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1971 was Bradley's first shot at the Daytona 200, then and probably now the biggest race in America. Moreover, this was the first time he would race in an "Expert" class. Unquestionably, this was the big time, and the 1971 Daytona 200 was filled with big racing stars: Dick Mann, Mike Hailwood, Gary Nixon, Kel Carruthers, Cal Rayborn, Don Emde and many others. Bradley's parents and family flew in for the race. It was the first time many of them had actually seen him race, preferring to let him race unencumbered by his family up to that point.
"I was with him the night before the race, and the day of the race," says Birchfield. "We ate breakfast together and hung out at the track for most of the morning of the 200. He felt he could win the race, expected to, really. And he was expected to."
It was all over in less than ten minutes. Back in this era, the riders went off the starting line and straight out onto the banking for a wide open run around the 2.5 mile oval, and then crossing the start-finish line, they headed into the infield, scrubbing off a great deal of speed as they braked into the infield. Bradley, on a new H1-R Kawasaki, got a great start and was fifth or sixth as the field streamed down the banking for the first time. The baritone sound of the many four-strokes in so many different configurations (twins, triples and four-cylinders) plus the two-strokes, was incredible, say eyewitnesses. "It sounded like a formation of bombers going over," recalls former Cycle News reporter Gary Van Voorhis.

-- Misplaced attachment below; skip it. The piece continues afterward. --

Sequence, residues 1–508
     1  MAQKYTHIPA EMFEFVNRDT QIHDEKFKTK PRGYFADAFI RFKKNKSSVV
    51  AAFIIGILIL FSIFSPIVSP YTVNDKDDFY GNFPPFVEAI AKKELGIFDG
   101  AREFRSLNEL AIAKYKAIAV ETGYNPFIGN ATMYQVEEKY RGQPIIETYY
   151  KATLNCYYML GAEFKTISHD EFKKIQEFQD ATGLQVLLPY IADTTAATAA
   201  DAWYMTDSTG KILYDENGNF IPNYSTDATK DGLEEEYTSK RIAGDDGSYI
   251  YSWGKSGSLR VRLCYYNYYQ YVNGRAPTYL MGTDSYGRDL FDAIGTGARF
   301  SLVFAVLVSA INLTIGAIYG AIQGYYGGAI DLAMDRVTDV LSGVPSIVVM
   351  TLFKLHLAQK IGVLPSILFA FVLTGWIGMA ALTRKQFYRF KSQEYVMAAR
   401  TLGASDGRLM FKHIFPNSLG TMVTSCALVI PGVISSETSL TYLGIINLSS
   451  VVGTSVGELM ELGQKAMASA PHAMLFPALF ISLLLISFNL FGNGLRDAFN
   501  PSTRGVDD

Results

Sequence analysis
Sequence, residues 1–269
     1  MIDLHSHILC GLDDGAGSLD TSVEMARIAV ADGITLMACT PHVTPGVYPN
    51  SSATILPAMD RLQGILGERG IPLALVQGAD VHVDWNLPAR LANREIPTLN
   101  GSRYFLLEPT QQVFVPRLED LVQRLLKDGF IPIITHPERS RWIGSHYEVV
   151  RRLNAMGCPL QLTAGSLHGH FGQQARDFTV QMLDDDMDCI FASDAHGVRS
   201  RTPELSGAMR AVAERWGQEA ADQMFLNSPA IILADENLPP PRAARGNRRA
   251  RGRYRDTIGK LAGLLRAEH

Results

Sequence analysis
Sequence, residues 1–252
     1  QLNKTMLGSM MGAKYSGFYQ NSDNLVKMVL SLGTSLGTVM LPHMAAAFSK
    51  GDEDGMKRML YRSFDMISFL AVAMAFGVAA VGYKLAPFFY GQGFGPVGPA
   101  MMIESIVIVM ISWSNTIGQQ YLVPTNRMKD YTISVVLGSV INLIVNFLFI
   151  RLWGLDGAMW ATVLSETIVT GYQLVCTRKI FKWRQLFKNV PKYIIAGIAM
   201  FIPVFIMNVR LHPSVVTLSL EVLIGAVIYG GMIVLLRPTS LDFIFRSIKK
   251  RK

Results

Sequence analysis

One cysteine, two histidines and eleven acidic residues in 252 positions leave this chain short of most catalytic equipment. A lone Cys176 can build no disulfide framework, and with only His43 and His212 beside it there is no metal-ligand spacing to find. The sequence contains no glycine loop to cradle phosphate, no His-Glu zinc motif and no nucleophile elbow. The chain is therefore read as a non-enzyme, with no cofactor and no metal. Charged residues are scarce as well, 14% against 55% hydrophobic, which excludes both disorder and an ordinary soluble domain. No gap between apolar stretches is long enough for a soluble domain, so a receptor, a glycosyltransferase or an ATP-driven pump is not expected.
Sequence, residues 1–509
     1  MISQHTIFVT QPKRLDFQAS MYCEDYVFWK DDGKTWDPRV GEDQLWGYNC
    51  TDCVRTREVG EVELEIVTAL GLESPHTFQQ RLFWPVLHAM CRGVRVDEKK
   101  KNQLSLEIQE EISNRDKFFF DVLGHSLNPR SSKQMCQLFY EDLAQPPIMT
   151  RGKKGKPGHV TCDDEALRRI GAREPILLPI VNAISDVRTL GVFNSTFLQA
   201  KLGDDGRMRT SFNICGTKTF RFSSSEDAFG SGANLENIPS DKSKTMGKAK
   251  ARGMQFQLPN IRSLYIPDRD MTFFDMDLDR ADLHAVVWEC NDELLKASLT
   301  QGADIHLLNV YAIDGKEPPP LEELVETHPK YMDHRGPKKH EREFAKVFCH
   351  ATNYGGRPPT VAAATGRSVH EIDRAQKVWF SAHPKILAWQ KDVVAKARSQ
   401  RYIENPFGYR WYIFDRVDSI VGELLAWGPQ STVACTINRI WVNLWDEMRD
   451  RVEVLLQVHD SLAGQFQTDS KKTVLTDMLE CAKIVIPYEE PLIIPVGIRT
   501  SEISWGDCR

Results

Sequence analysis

"I was drafting Dick Mann in that race," Bradley's teammate Frank Camillieri remembers. "I was three feet behind him and bikes all around me, top gear, at 155mph. I remember seeing someone go sliding as we went into (turn) one, but I didn't know until later that it was Rusty." After the incident, Camillieri chose to never race at Daytona again.